I do agree that, while the gameplay sounds terrible, it may very well be reinforcing the ideas that Kiyosaki put in his book - though, I admit, I don't remember the book all that well. So, while I agree that "a fixed investment returning 18% a year is a good thing", I'm not sure that it would be the best move to my becoming a millionaire at a young age. It's not a personal goal of mine to be a millionaire at a young age so I would be inclined to take 18% return on a fixed investment... I'm just not sure that Kiyosaki agrees.
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Ed Sherman
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It has always surprised me that Cashflow 101 doesn't focus on making money the same way Robert Kiyosaki made his fortune -- by writing books on how to make a lot of money.

That would be interesting.
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Brad N
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edosan wrote:
It has always surprised me that Cashflow 101 doesn't focus on making money the same way Robert Kiyosaki made his fortune -- by writing books on how to make a lot of money.

There are others who know a lot more about him than me, but I'm pretty sure he was a very wealthy man before he ever wrote a book. His book talks about it... I think. Nonetheless, you do make a good point.
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Joe Wyka
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18% sounds good always, but phenomenal right about now! soblue
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Tim Seitz
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bnordeng wrote:
edosan wrote:
It has always surprised me that Cashflow 101 doesn't focus on making money the same way Robert Kiyosaki made his fortune -- by writing books on how to make a lot of money.

There are others who know a lot more about him than me, but I'm pretty sure he was a very wealthy man before he ever wrote a book. His book talks about it... I think. Nonetheless, you do make a good point.

From what I gleaned, he got rich hawking how-to-get-rich manuals to Amway associates. The whole residual income business methodology is an Amway staple. He just transferred it to real estate for his books.

The economics aren't that hard, but most people don't do this in real life. To leverage a Dominion analogy, We tend to take the early VP cards (Car, TV, etc.) instead of Chapeling away all of our useless crap and investing our money in money-making assets.
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Randall Bart
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Kiyosaki's Wikipedia page is not very flattering. He appears to admit that he's just cheer leading to get people to invest without actually telling them how to do it well.

I did not know that the game sells for $200. That's $180 more than it looks like, and $199.98 more than it's worth. (If I should see it at the thrift store I will definitely buy it. It's a game about making money off of fools; I should make use of my education.)
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J Mathews
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Not to defend the guy, but there is a bit of a disconnect between the financial investment world and the board game world. In the board game world, this is a horrifically overpriced game given its component quality and the prices of similar style games.

Now, in the financial investment world, an interactive, group educational tool that up to 6 people can participate in at a time, share a common experience, and then discuss afterwards is a bargain at $200. This is considering that the cheap 3-day seminars are $4,000, lectures on CDs are $300 or so, and so on. Given that framework, $200 for this isn't bad, it's par for the course. Now arguments can be made that the people who are paying $4,000 for the seminar series are crazy too. But that's the going rate. This game was never meant to be a gamer's game or to be played in the same way that Acquire is so it's silly to judge it in a similar fashion as actual board games.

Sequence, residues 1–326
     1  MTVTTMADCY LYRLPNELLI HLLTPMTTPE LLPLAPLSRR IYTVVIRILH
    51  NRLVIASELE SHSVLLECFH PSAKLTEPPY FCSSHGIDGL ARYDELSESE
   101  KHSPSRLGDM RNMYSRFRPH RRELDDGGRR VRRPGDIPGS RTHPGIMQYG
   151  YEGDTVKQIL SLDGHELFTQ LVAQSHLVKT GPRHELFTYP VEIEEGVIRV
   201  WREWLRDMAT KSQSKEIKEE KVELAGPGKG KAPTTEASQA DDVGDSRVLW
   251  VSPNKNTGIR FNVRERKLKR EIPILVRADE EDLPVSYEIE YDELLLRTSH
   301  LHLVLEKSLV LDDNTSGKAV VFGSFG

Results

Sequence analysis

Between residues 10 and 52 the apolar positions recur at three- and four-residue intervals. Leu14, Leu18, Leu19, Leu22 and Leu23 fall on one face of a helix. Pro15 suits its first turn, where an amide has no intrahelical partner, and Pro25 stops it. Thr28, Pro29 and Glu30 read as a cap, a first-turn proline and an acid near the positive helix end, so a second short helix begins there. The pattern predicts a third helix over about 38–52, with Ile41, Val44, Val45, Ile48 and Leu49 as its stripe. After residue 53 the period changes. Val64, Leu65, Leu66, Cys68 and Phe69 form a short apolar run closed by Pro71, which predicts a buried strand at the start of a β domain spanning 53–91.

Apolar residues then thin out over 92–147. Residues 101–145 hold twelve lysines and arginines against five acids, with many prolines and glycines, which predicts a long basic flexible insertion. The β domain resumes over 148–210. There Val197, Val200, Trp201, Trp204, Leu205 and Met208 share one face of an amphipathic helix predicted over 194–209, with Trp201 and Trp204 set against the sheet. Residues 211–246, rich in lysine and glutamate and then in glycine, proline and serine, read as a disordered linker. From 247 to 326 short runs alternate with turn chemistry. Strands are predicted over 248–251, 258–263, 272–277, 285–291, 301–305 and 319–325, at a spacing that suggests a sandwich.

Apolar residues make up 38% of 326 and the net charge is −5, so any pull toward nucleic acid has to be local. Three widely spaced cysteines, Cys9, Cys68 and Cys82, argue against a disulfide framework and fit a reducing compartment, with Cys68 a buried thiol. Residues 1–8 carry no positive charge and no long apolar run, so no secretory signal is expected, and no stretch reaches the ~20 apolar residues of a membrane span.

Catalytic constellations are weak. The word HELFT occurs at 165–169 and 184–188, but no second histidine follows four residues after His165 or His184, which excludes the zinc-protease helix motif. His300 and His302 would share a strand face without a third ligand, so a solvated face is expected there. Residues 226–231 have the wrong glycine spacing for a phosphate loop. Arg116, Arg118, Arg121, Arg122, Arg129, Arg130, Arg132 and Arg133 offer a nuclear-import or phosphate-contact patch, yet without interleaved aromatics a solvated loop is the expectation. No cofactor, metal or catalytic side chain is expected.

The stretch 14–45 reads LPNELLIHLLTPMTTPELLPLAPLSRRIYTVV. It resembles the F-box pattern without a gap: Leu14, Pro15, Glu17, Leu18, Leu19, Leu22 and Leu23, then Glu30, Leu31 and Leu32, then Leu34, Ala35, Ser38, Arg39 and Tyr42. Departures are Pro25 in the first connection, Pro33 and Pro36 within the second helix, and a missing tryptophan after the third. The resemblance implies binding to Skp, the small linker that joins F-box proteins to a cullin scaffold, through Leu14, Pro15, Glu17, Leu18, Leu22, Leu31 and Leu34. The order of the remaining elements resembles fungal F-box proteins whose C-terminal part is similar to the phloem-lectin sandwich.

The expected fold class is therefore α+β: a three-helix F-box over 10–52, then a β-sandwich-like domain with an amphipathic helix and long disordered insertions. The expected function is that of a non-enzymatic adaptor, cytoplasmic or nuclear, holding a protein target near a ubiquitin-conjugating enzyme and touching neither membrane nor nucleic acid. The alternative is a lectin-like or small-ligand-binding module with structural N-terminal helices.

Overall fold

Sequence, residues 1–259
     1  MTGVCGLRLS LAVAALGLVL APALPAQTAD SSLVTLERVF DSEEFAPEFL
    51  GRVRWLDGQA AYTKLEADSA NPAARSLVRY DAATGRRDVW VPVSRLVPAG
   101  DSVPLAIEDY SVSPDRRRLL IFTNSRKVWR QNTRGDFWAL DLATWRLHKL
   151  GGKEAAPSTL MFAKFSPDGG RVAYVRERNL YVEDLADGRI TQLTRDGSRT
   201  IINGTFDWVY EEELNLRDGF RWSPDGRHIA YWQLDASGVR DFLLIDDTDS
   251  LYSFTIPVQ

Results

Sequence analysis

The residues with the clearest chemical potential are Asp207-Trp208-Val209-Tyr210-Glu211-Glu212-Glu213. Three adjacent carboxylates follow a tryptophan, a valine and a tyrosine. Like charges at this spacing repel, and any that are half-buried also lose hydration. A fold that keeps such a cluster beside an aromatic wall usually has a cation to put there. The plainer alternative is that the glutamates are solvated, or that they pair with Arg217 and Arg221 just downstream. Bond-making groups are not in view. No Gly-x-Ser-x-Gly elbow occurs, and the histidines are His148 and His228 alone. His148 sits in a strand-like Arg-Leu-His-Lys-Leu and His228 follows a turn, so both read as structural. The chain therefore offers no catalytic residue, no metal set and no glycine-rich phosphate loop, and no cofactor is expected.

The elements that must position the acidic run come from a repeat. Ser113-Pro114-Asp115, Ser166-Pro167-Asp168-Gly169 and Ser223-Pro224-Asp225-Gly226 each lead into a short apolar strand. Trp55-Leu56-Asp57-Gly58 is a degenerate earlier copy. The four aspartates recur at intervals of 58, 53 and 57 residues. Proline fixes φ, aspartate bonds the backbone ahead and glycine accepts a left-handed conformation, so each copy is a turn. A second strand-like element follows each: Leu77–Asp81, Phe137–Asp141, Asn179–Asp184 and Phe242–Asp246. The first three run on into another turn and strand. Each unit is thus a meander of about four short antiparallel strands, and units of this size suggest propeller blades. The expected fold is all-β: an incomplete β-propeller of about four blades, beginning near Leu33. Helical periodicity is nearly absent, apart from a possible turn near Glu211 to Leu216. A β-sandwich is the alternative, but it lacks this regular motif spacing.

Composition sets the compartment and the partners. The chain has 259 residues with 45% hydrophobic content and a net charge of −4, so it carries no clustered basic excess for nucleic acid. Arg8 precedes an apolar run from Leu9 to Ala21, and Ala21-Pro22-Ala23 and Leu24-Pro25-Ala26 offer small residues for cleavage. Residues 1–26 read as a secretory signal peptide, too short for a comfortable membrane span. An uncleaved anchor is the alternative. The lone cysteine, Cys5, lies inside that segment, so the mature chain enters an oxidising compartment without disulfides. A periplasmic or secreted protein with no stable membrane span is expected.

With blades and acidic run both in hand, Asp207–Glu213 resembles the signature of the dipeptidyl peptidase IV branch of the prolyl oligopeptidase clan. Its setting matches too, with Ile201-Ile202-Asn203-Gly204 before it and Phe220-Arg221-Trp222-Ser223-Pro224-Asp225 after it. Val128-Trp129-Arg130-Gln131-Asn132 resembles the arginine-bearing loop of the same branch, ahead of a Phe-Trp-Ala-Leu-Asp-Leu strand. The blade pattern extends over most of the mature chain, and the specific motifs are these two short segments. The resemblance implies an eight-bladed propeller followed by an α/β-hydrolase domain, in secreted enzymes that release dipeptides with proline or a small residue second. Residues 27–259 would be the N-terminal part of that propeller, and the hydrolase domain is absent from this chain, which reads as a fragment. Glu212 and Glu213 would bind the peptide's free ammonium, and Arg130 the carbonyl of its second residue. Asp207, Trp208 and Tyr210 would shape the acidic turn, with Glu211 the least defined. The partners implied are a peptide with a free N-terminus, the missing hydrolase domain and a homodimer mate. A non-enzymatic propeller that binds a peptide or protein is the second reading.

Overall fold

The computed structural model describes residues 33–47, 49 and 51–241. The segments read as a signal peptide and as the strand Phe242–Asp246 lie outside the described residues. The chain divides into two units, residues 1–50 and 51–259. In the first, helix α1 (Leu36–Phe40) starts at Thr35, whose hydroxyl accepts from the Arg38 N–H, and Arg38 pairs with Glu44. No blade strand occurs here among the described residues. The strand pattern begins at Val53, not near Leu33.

Now as for the gameplay, I find 101 to be overly simplistic. If you have some idea of what is going on you should be able to get out of the Rat Race pretty quick with any job except the doctor or lawyer. My brother-in-law got out in 3 turns and had no clue what he was doing. As an educational tool, I don't think that 101 is all that helpful. 202 is a much superior game that requires a bit more thinking, although the stock market is even more simplified than in 101.

I own both, although I did not pay anywhere near retail for them and I haven't played either for years. They are a good way to learn basic accounting principles and get some flavor of investing but it's not very deep gameplay. I find the discussions afterwards to be more interesting than the game itself. As an educational tool it is easily as effective as the other, more expensive, methods out there so I find it hard to rag on the guy or the game too much. Now those $300 CD sets on the other hand...shake
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Brad N
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Barticus88 wrote:
Kiyosaki's Wikipedia page is not very flattering. He appears to admit that he's just cheer leading to get people to invest without actually telling them how to do it well.

I did not know that the game sells for $200. That's $180 more than it looks like, and $199.98 more than it's worth. (If I should see it at the thrift store I will definitely buy it. It's a game about making money off of fools; I should make use of my education.)

I remember when I read the book that I thought it was "interesting", but didn't feel like I had any tools to go and do anything with the "interesting" stuff I'd picked up.

For some reason, this reminds me of my dad's advice on how to make a million dollars and not pay taxes on it. First, you make a million dollars. Then, you don't pay taxes on it.